Healthy Fats for Vegetarians and Vegans: Balance Omega-3s and Omega-6s in Your Diet

One of the biggest challenges for a vegan and vegetarian is getting the right balance of healthy fats. Due to the abundance of industrial products, it is easy to become deficient in the essential fatty acids found in omega-3 fats.

This is especially true for people living in wealthy, industrialized countries. Their diet is usually full of “bad fats”. Most degenerative diseases are associated with the wrong kinds and wrong amounts of dietary fats.

Eating healthy fats reduces the risk of heart disease, cancer and diabetes and increases our chances of living a healthy life. And it’s so easy to get omega-3 fatty acids from our food.

Omega-3 and omega-6 are the two main types of essential fatty acids (EFAs) that are important for good health. They are not produced by our bodies and must be obtained from food or supplements. Omega-9 fats are essential for health, but the body can produce them on its own.

Fatty acids are essential for the functioning of the nervous, immune, reproductive and cardiovascular systems. Fatty acids are involved in the formation of cell membranes and the absorption of nutrients into cells. Fatty acids are important for everyone, from babies to the elderly.

Americans are generally deficient in omega-3 fats. Surprisingly, vegetarians and vegans are especially vulnerable to omega-3 fatty acid deficiencies. The Department of Food Science at the University of Australia has indicated that typical omnivores have higher levels of omega-3s in their blood than vegetarians.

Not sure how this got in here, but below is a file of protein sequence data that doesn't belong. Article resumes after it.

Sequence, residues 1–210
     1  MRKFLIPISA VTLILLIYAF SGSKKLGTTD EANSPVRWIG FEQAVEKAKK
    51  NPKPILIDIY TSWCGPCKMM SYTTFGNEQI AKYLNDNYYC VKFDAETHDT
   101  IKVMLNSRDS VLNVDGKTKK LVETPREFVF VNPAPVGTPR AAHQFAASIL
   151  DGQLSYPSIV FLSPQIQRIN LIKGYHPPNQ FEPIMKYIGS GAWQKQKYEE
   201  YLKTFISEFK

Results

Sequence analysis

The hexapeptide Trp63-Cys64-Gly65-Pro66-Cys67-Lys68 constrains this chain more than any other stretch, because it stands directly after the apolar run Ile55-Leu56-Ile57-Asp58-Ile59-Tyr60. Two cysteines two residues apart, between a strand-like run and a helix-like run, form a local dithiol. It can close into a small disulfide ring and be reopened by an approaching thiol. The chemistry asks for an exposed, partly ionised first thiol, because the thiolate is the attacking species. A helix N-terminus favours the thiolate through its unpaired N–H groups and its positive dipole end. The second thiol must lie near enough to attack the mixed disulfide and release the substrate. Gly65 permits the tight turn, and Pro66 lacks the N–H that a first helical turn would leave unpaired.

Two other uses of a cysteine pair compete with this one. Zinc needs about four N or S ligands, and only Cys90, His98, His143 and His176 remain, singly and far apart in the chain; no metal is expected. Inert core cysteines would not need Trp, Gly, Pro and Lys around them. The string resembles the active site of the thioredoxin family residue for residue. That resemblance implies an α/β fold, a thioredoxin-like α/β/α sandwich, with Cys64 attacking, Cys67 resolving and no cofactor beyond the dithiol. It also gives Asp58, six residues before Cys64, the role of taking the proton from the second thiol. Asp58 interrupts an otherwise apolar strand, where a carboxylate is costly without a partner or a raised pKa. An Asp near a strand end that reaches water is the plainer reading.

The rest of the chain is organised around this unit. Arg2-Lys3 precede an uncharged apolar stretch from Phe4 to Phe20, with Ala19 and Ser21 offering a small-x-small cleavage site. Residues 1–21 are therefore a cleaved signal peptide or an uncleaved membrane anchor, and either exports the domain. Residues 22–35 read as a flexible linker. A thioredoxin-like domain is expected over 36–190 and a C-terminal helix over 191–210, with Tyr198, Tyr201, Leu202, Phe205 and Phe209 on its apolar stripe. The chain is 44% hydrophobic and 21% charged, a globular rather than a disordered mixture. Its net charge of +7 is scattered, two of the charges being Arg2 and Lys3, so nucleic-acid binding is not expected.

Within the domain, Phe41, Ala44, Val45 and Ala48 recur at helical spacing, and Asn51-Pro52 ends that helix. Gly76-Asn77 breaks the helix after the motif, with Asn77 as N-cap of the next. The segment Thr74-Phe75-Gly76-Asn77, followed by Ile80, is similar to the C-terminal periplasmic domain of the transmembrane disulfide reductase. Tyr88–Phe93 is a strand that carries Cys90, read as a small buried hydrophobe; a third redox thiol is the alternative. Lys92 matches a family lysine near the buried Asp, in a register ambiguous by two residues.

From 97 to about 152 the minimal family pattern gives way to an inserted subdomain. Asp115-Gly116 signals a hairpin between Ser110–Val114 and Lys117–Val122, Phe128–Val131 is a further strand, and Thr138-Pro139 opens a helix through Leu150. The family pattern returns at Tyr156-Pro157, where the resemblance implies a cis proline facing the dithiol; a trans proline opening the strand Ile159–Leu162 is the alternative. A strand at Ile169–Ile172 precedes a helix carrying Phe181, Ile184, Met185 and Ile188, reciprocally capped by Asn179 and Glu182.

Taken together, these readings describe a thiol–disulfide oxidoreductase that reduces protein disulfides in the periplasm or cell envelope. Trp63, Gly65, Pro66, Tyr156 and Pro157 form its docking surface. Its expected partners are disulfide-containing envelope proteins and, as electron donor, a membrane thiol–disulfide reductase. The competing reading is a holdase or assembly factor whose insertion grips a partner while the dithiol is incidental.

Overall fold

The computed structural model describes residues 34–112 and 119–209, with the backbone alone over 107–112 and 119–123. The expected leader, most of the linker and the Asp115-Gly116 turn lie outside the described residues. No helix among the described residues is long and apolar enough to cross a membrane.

Another study, conducted at the Research Institute of Nutrition in Slovakia, studied a group of children aged 11-15 years for 3-4 years. 10 children were lacto vegetarian, 15 were lacto-ovo vegetarian and seven were strict vegans. The performance of this group was compared with that of a group of 19 omnivores. While lacto-ovo vegetarians and omnivores had the same amount of omega-3s in their blood, lacto-vegetarians lagged behind. The vegan group had significantly lower omega-3 levels than the rest.

In America, where omega-3s are typically obtained from fish and flaxseed oil, many vegetarians don’t get the right amount of omega-3s in their diet. A disproportionate amount of omega-6s can accumulate in the tissues of the body, which, according to the study, can lead to diseases – heart attack and stroke, cancer and arthritis.

Other studies show that omega-3 fatty acids can minimize inflammatory responses, reduce risk factors for cardiovascular disease and cancer.

Omega-3s are essential for nerve development and good vision. Omega-3s are highly concentrated in the brain, they help: memory, brain performance, mood, learning, thinking, cognition and brain development in children.

Omega-3s also help treat conditions such as diabetes, arthritis, osteoporosis, high cholesterol, hypertension, asthma, burns, skin problems, eating disorders, hormonal disorders, and allergies.

The three main omega-3s we get from food are alpha-linolenic acid, eicosapentaenoic acid, and docosahexaenoic acid.

Eicosapentaenoic acid is associated with a reduced risk of cardiovascular disease and proper development and function of the nervous system and brain. Our bodies need to convert omega-3s, but some people may have a problem with this conversion due to the peculiarities of their physiology.